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Frank G Colby
[ Dr PhD]
— The chief scientific recruiter and science-intelligence gatherer for RJ Reynolds. He focussed on European white-coats and scientific witnesses. He later worked as an independent head-hunter and gossip-mongerer. —
Frank Colby was generally seen by the tobacco-scientific community as a partly-paranoid, fiercely anti-smoker, out-of-date tobacco scientist in the pre-war scientific tradition. He clearly enjoyed trouping around Europe gathering gossip, going to intermniable meetings, and offering opinions on everything scientific or political.
However his rantings often couldn't be easily dismissed, because his observations were sometimes more astute than those of other scientists and executives.
Frank Colby worked for RJ Reynolds for most of his working life after joining the company 1951, but, in the early 1990s he inexplicably resigned and began to free-lance,
He offered his services as an independent scientific witness for use by the defendants in death-by-cigarette court cases through the major tobacco law firms. He also shopped intelligence from one company to another ... to its competitors ... and generally spent his time gossiping with researchers involved with health research and the development of new products. He came to be treated with suspicion by scientists at many cigarette companies.
The Frontline program on PBS tried to interview him at one time and laboriously plowed through his depositions as part of their research. They revealed that the Frank G. Colby & Associates, his 'independent' consulting company, was actually funded by RJ Reynolds. So the suspicion was probably well-founded.
In various depositions for court-cases, he consistently maintained that any apparent connection between smoking and health consequences were unproven, and denied that anyone had ever died from lung-cancer or emphysemia caused by smoking cigarettes.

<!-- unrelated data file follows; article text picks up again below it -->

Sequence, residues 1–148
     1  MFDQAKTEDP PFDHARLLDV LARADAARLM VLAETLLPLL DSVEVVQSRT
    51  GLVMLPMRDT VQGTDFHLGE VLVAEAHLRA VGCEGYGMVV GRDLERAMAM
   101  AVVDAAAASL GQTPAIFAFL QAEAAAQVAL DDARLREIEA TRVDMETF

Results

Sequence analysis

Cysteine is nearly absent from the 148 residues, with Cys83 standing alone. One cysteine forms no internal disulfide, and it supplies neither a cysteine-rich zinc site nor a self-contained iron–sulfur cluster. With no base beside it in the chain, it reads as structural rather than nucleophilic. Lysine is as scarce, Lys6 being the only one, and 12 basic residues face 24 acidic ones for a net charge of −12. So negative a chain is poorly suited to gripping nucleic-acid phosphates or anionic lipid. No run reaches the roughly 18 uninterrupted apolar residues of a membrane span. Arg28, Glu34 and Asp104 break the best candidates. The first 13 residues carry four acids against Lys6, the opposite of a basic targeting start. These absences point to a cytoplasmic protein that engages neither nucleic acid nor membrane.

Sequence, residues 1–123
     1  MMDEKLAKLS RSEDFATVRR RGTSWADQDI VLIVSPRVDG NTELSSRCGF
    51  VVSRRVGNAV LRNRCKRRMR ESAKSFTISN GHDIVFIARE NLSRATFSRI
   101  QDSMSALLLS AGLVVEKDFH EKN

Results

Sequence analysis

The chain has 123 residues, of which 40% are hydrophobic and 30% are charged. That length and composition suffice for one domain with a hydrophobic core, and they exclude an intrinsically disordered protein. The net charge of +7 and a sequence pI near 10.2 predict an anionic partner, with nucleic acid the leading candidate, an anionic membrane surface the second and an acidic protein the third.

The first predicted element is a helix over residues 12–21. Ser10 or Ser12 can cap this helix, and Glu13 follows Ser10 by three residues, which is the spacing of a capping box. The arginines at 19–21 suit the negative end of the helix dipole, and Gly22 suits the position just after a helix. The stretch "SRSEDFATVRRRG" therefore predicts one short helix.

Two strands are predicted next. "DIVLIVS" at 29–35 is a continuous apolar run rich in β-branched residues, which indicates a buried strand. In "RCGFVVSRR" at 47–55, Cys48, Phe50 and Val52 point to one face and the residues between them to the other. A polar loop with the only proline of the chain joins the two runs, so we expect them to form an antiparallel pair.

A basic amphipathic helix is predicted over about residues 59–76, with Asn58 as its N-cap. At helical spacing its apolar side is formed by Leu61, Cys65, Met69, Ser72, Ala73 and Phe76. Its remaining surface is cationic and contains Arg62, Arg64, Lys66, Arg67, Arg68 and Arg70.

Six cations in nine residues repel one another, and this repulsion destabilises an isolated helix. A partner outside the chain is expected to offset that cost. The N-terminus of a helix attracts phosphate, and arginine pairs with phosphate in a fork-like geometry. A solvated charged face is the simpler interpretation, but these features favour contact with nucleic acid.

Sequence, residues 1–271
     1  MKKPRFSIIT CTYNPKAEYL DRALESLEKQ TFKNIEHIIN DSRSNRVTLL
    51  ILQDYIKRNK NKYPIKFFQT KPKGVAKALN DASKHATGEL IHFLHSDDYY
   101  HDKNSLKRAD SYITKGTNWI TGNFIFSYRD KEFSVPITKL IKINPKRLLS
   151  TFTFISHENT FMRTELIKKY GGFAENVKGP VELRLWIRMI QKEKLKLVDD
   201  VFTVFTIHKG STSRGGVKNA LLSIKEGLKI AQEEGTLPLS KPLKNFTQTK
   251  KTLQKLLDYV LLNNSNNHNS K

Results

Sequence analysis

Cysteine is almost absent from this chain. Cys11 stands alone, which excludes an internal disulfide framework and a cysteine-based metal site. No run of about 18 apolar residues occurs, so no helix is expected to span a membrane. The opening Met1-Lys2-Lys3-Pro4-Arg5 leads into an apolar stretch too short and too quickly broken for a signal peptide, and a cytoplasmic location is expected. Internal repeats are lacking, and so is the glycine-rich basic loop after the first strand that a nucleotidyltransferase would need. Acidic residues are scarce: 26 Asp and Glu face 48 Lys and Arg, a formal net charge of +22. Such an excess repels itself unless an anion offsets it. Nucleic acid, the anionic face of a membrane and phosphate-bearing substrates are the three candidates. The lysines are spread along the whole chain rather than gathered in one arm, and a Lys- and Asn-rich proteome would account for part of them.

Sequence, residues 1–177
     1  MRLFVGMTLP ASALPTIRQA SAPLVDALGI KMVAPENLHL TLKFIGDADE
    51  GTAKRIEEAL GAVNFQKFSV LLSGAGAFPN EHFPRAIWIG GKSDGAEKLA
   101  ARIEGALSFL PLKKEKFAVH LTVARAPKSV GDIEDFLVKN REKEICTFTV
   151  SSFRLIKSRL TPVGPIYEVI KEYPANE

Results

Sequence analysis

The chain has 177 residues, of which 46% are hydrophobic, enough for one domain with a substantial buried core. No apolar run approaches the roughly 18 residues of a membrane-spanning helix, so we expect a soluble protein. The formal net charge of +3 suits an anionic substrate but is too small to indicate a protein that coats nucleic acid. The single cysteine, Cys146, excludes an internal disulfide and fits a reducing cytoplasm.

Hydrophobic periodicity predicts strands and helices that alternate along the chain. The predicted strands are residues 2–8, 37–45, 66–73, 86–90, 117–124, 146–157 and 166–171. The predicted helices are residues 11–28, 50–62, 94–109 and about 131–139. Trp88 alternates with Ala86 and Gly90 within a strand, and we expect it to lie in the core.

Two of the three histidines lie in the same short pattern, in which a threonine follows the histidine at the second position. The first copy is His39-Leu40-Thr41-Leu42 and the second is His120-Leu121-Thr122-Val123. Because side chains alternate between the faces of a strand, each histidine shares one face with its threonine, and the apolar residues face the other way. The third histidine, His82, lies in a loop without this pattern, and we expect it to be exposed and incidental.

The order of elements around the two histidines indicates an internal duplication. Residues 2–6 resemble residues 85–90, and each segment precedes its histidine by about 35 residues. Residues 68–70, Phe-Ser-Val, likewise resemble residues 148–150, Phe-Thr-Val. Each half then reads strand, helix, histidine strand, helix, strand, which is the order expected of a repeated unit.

He was a scientific maverick in the old tradition — loyal to RJ Reynolds, and stubbon in maintaining his ossified opinions. However he probably knew more about the cigarette research activities in Germany, Central and Eastern Europe than any other American cigarette executive, mainly because he appears to have travelled for more than half of his working life.
Clearly, he was also a frustrated Walter-Mitty-like spy-master who relished the intrigues, the surrepticious deals, and the covert operations. His suggestions to tobacco executives show that any concepts of ethics or morality had clearly passed him by.
|PUFF PIECE (c) 1990 |
|Dr Frank G Colby is Associate Director of Scientific Issues in the Research and Development Department of RJ Reynolds Tobacco Company in Winston-Salem, North Carolina.
He did his undergraduate and graduate work at the University of Geneva in Switzerland, obtaining his DSc in organic chemistry in 1941. After a stay in Cuba and employment in the chemical industry in the United States, he joined RJ Reynolds Tobacco Company in 1951.
His main interest include scientific information on all aspects of the tobacco industry and, more recently, especially smoking and health.
1981 Feb 12: Frank Colby of RJR had a meeting with Dr Antoine Artho of ASFC [The Swiss Tobacco Institute] in Basel Switzerland. Artho had previously been director of R&D at Burrus, Swiss cigarette manufacturer.
On my own initiative I suggested to Dr Artho that the present grant approval system of medical research farmed out by the Swiss Association lead for the Association, in my judgment, to the worst of both worlds.